Pick 10 businesses at random and you’ll find wide differences in size, industry, customer base and more. Chances are, though, they all share this trait: they’re organized by three key functions of marketing, sales and customer service.
From a big picture standpoint, these three teams work together like a funnel, which is why you’ll find them across organizations. Marketing creates interest and leads for the company and passes them onto sales. The sales team converts the leads into deals and sends the customers on their way. The service team assists with onboarding, troubleshooting and support.
In theory, these three teams present a unified experience to the customer – the same attitude, the same tone in approach. From marketing emails to a sales negotiation to a customer support call, the buyer recognizes the feeling of dealing with this company, and every touchpoint builds on the last one.
In practice: not so much. There can be real problems with this structure. In many businesses, these teams don’t talk to each other – not meaningfully. Marketing campaigns and sales outreach have wildly different tones. Customer service seems like it comes from another company altogether.
And don’t think the customer doesn’t pick up on it. Communication gaps between departments that feel natural in the workplace will feel painfully obvious to customers. That used to be the status quo – but these days customers are demanding more. They want to see more transparency, stronger service and a deeper understanding of their needs.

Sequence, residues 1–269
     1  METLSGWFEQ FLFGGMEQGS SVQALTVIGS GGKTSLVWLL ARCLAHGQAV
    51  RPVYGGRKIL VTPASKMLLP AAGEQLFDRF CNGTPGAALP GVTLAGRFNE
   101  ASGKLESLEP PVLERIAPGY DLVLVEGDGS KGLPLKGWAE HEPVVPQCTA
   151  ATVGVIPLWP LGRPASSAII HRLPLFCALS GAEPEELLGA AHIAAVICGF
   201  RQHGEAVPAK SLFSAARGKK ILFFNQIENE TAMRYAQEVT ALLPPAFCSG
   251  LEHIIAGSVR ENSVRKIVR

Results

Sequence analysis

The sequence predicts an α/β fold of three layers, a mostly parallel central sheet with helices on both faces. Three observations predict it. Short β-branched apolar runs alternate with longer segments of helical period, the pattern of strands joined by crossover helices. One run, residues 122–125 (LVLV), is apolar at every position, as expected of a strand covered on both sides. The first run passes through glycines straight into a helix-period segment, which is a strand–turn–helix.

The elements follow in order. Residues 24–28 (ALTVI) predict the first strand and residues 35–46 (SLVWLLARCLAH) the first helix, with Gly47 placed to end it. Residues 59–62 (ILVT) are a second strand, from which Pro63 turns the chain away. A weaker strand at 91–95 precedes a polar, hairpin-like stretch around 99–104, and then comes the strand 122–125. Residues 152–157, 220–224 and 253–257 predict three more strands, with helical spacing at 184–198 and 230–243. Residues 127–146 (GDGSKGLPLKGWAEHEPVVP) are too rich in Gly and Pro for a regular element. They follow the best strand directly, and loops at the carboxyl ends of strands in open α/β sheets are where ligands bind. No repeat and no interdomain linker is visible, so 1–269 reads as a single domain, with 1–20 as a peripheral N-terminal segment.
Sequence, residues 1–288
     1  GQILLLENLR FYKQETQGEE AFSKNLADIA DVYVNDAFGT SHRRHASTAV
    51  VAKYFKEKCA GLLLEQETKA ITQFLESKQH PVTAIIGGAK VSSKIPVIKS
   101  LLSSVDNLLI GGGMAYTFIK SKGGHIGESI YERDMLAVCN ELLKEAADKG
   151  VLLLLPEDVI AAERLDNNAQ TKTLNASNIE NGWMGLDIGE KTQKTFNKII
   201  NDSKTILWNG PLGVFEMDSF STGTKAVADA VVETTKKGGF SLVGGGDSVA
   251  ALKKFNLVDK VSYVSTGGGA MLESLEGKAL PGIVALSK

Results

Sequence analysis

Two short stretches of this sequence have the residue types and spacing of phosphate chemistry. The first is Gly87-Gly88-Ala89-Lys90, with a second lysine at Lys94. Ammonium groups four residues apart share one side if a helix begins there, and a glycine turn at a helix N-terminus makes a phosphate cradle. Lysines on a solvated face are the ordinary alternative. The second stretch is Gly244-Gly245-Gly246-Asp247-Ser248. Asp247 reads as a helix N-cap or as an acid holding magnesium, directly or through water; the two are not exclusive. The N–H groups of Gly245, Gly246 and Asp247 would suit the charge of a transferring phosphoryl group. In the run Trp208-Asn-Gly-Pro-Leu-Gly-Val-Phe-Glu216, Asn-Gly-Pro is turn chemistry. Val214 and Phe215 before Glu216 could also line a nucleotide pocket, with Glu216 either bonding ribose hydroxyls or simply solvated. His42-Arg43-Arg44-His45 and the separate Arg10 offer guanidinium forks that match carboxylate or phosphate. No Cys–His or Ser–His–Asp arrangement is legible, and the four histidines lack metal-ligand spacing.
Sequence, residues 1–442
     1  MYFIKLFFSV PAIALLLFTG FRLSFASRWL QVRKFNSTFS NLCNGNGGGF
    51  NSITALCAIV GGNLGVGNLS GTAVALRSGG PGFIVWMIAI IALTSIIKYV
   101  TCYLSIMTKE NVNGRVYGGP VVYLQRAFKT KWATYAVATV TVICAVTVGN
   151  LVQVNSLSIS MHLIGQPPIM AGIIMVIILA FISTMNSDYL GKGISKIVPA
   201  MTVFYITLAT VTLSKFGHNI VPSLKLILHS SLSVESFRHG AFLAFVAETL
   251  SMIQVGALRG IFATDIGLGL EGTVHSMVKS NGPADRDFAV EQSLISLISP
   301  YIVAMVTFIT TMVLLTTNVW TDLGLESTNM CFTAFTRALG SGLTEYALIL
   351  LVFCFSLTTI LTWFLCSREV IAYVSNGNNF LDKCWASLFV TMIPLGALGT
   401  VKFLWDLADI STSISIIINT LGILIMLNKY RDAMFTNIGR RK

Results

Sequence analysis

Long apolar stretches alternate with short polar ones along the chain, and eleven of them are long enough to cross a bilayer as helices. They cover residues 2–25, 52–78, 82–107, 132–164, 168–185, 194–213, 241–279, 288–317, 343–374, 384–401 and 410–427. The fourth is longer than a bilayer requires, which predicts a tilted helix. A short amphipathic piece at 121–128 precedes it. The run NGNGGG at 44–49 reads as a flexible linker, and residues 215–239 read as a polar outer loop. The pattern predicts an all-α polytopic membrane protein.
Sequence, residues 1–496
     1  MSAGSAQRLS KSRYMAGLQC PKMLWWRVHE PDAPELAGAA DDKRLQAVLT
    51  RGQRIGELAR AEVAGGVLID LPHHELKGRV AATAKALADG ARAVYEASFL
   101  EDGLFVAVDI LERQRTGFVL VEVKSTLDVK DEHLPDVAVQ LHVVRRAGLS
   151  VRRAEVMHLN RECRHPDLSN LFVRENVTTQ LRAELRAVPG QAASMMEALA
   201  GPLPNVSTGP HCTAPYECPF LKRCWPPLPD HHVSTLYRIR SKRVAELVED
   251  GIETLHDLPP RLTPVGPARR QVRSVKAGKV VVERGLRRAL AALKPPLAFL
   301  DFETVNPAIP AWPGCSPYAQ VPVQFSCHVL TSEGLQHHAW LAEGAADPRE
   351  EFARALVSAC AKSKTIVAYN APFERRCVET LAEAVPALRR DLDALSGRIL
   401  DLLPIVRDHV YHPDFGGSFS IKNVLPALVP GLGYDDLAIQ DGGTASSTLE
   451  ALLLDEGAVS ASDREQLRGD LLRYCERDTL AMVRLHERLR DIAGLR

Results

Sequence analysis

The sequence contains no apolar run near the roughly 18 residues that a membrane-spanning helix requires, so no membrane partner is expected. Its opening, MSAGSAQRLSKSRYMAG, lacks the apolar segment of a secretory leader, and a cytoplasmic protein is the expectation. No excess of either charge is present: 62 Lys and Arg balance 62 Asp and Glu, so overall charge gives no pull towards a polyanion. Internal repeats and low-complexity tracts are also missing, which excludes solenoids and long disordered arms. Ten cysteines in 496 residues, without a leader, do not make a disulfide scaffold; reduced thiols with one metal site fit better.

A Tale of Two Companies
Here’s a great example: your typical cell phone service provider. New customers are constantly marketed to with new deals and lower prices. Existing customers, however, are typically given the option of paying full price for an upgraded phone or waiting until their 2-year contract is up. What kind of deal is that? A stranger is told they’re valued and important; customers who’ve been loyal to provider for years are told they don’t matter. Sales and marketing are not connecting on this issue.
Then you have retailers like department store Nordstrom where every associate is devoted to customer satisfaction. From loyalty programs, in-store support and hassle-free returns, the shopping experience is designed to make the customer feel important. That’s an experience where marketing, sales and customer support have aligned; and it’s why Nordstrom has rated highly as a shopper’s paradise for decades.
To be fair, it’s also why consumers are expecting more from other businesses. Once they get a taste of customer service done right, they just won’t tolerate businesses that clearly operate in silos.
This isn’t new information, by the way. Business gurus have been pointing this out for a few years now. But companies – especially the enterprise – have been slow to adapt to changing demands.
If this sounds familiar, you’ll be glad to hear that Salesforce has created Customer Success Platform, a new feature designed to put the customer at the center of every interaction. Using this technology, service representatives can enjoy full visibility into the customer’s history with marketing and sales. With an immediate understanding of an individual customer’s experience, it dissolves typical barriers and empowers all three teams to approach the customer from a supportive, informed stance. That disjointed feeling of dealing with different companies within one company just melts away.
In sales, we talk a lot about a 360-degree view of the customer, but this technology actually offers it up. What that means for the companies who use it: meaningful engagements, deeper brand affinity, better sales. What it means for the companies who don’t: nothing good.
Take a look. And see if your organization can benefit.